Taking the October SAT? Good Call!

Even though students signed up for the October SAT haven’t taken the exam yet, I’d like to congratulate you! You made an excellent decision to take this administration of the SAT.

The October SAT has always been a popular testing administration among high school seniors. This is likely due to the fact that college applications are usually due at the end of December, so this exam is one of the last chances students have to polish off their academic image.

But taking the October SAT as a high school junior is not a bad idea either. I know what you’re thinking: “My high school counselor told me not to take the SAT until the spring of junior year.”

Well, guess what? There’s no set time you must take the SAT. You have a total of 28 chances to take the SAT (seven administrations a year multiplied by four years of high school). You could take the SAT in October of your freshman year, and your score would count towards your college application!

So why then do high school counselors often recommend that students wait until the spring of junior year to take the SAT? Well, junior year is traditionally when most students take Algebra II, so high school counselors believe that students will benefit from taking this subject, which is listed as a subject that is included on the SAT.

Now let me share a secret with you: the SAT is nothing like your high school math and English classes! For example, have you ever been given a multiple-choice test in your high school algebra class? Probably not because you would just be able to plug in the answer choices into the original question, and avoid having to do any algebra at all. But that’s exactly what the SAT does! It is a multiple-choice test that let’s you plug in answer choices into algebra questions. So I always tell students that there is very little algebra that you need to do on the SAT, and certainly no algebra II.

In addition, if you wait until the spring to take the SAT, it’s likely that you will have AP exams and finals to prepare for. So that May-June time period may become unbelievably busy if you try to squeeze the SAT in at that time too. What usually ends up happening is that students just don’t prepare for the SAT because they don’t have time.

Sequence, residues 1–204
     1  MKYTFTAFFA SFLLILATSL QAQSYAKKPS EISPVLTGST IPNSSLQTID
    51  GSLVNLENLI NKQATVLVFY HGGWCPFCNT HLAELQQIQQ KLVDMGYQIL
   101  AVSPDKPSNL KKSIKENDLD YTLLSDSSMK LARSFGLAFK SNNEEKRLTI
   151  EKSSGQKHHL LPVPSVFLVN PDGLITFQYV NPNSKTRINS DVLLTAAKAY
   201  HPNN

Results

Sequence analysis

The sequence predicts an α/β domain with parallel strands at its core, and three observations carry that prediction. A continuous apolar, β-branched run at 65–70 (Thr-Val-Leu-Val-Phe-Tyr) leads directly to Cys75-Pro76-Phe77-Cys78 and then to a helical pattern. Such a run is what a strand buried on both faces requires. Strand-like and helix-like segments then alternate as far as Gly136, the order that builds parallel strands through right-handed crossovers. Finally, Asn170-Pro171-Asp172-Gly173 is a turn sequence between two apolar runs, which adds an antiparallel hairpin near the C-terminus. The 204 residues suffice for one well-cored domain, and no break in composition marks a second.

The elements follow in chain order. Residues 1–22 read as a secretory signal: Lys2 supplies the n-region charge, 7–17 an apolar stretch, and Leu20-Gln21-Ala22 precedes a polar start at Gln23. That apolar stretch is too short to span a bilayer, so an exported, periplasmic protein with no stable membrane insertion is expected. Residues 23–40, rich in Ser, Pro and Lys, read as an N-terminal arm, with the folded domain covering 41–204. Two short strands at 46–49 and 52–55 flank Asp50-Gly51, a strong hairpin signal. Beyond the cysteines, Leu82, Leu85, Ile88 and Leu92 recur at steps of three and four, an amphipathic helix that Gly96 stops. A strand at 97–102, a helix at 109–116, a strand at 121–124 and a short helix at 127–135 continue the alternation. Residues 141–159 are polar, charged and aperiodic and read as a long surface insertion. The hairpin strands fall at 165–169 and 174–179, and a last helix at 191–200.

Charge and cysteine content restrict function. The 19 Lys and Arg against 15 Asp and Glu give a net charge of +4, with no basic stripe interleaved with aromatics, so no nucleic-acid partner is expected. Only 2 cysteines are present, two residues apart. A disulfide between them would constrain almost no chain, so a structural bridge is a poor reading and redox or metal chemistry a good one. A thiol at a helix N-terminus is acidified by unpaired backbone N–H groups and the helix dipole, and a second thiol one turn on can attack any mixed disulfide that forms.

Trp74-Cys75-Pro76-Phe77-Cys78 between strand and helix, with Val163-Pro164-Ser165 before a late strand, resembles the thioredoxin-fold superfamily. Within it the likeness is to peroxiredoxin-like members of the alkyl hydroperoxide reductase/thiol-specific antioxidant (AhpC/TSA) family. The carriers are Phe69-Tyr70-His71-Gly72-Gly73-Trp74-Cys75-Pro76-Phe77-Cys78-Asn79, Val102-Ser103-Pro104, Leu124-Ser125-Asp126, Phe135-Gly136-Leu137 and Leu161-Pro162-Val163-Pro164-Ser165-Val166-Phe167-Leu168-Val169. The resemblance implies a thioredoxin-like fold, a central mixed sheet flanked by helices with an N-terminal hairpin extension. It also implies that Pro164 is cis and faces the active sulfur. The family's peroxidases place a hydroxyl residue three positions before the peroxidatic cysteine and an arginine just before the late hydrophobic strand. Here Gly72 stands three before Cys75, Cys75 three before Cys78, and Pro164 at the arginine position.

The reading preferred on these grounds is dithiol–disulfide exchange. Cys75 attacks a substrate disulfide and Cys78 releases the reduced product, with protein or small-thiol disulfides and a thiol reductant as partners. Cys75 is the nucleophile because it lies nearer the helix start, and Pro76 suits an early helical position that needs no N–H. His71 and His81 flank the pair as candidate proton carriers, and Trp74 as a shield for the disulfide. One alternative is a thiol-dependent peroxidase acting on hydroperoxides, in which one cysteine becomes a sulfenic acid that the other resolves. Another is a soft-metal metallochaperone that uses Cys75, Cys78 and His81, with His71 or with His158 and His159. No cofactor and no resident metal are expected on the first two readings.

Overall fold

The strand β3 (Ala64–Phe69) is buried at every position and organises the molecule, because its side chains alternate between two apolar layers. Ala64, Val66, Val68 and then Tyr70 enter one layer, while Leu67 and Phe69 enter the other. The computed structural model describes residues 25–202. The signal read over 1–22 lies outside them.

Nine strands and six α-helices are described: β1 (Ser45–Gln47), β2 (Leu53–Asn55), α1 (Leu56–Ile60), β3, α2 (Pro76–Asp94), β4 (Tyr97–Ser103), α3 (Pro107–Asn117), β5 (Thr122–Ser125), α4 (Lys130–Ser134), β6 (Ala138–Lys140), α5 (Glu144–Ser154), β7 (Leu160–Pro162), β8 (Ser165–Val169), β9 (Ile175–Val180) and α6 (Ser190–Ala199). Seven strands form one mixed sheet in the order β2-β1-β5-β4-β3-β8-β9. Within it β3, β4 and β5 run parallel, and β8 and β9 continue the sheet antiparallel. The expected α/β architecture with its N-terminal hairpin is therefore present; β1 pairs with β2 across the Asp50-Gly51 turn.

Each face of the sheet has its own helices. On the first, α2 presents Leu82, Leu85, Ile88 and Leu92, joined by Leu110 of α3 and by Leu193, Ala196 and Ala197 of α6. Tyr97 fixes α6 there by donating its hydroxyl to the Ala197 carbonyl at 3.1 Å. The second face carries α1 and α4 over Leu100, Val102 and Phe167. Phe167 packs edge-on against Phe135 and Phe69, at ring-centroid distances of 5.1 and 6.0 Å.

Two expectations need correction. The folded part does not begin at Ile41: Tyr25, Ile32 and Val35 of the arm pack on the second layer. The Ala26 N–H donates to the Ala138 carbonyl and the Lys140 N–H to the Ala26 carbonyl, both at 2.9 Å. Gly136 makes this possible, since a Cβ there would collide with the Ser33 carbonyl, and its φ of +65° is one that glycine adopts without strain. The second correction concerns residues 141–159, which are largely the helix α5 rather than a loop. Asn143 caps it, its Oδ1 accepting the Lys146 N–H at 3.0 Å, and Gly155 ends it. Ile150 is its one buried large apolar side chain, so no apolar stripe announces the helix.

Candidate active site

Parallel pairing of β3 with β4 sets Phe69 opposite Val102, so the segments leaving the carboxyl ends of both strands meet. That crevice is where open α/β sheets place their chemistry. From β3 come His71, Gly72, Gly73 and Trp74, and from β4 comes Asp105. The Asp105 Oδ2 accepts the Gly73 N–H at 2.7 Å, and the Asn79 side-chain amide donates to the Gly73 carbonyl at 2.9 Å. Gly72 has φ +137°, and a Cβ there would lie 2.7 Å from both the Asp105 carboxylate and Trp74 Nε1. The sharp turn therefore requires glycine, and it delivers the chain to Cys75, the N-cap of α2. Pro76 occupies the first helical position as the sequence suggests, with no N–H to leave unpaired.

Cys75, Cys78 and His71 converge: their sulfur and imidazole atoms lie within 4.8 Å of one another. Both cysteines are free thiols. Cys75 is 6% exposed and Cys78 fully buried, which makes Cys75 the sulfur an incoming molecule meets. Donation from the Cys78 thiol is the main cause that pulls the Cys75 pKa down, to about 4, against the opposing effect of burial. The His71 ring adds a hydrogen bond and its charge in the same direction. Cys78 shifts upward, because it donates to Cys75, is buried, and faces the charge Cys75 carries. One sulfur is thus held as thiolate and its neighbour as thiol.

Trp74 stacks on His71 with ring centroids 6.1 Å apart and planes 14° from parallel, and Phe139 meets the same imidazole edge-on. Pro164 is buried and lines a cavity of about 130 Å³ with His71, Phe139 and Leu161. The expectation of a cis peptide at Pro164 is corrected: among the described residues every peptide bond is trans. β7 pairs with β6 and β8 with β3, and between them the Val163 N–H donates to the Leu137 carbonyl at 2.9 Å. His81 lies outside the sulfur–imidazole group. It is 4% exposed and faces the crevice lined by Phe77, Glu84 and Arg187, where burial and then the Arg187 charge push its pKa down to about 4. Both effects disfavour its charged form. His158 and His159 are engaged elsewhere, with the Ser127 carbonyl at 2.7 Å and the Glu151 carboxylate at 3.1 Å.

There is nothing worse you can do for your SAT score than not preparing for the exam. The SAT is a test that can be prepared for using SAT-specific strategies. And you’d be crazy not to review things like the 15 grammar rules that are tested on SAT Writing prior to taking the SAT.

So instead of taking the SAT in May or June when you likely won’t have time to prepare for it, I advise students to take SAT subject tests during that time. These are shorter one-hour subject-specific exams that certain colleges require applicants to take (many universities require you to take two). Fortunately, many of the SAT subject tests mimic the content found on AP exams. So if you are taking the Chemistry AP exam this year in May, you should consider taking the SAT Chemistry Subject Test in May or June as well. This way, you won’t have to double-study and can essentially kill two birds with one stone.

Now that I have sufficiently scared you about the craziness of the spring semester, are you beginning to agree with me that signing up for the October SAT was a good call by you? School has only been in session for a little over a month, so your schedule is likely much less busy. And you hopefully have just come back from a relaxing summer so that you have a clear mind. A clear mind is exactly what you need for a high SAT score.

I have seen students post their highest SAT score on the October SAT over and over again. The October administration is also when I scored my perfect 2400 on the SAT. So I have a personal bias towards this exam.

Why students score their highest on the October SAT will remain a mystery. It’s certainly no easier of an exam than any other SAT. Maybe it’s because there isn’t much going on in school, maybe it’s because you did some SAT practice over the summer, or maybe it’s because you have more time to prepare for the SAT in August/September.

Of course, if you didn’t register for the October SAT by the September 7th deadline, there is no reason to worry. There’s nothing magical about taking the October SAT. Whenever you do take the SAT, just try to mimic the attributes that help students score well on the October SAT: free up time in your schedule, prepare for the SAT, and most importantly have a clear mind on test day!

By Scott Shrum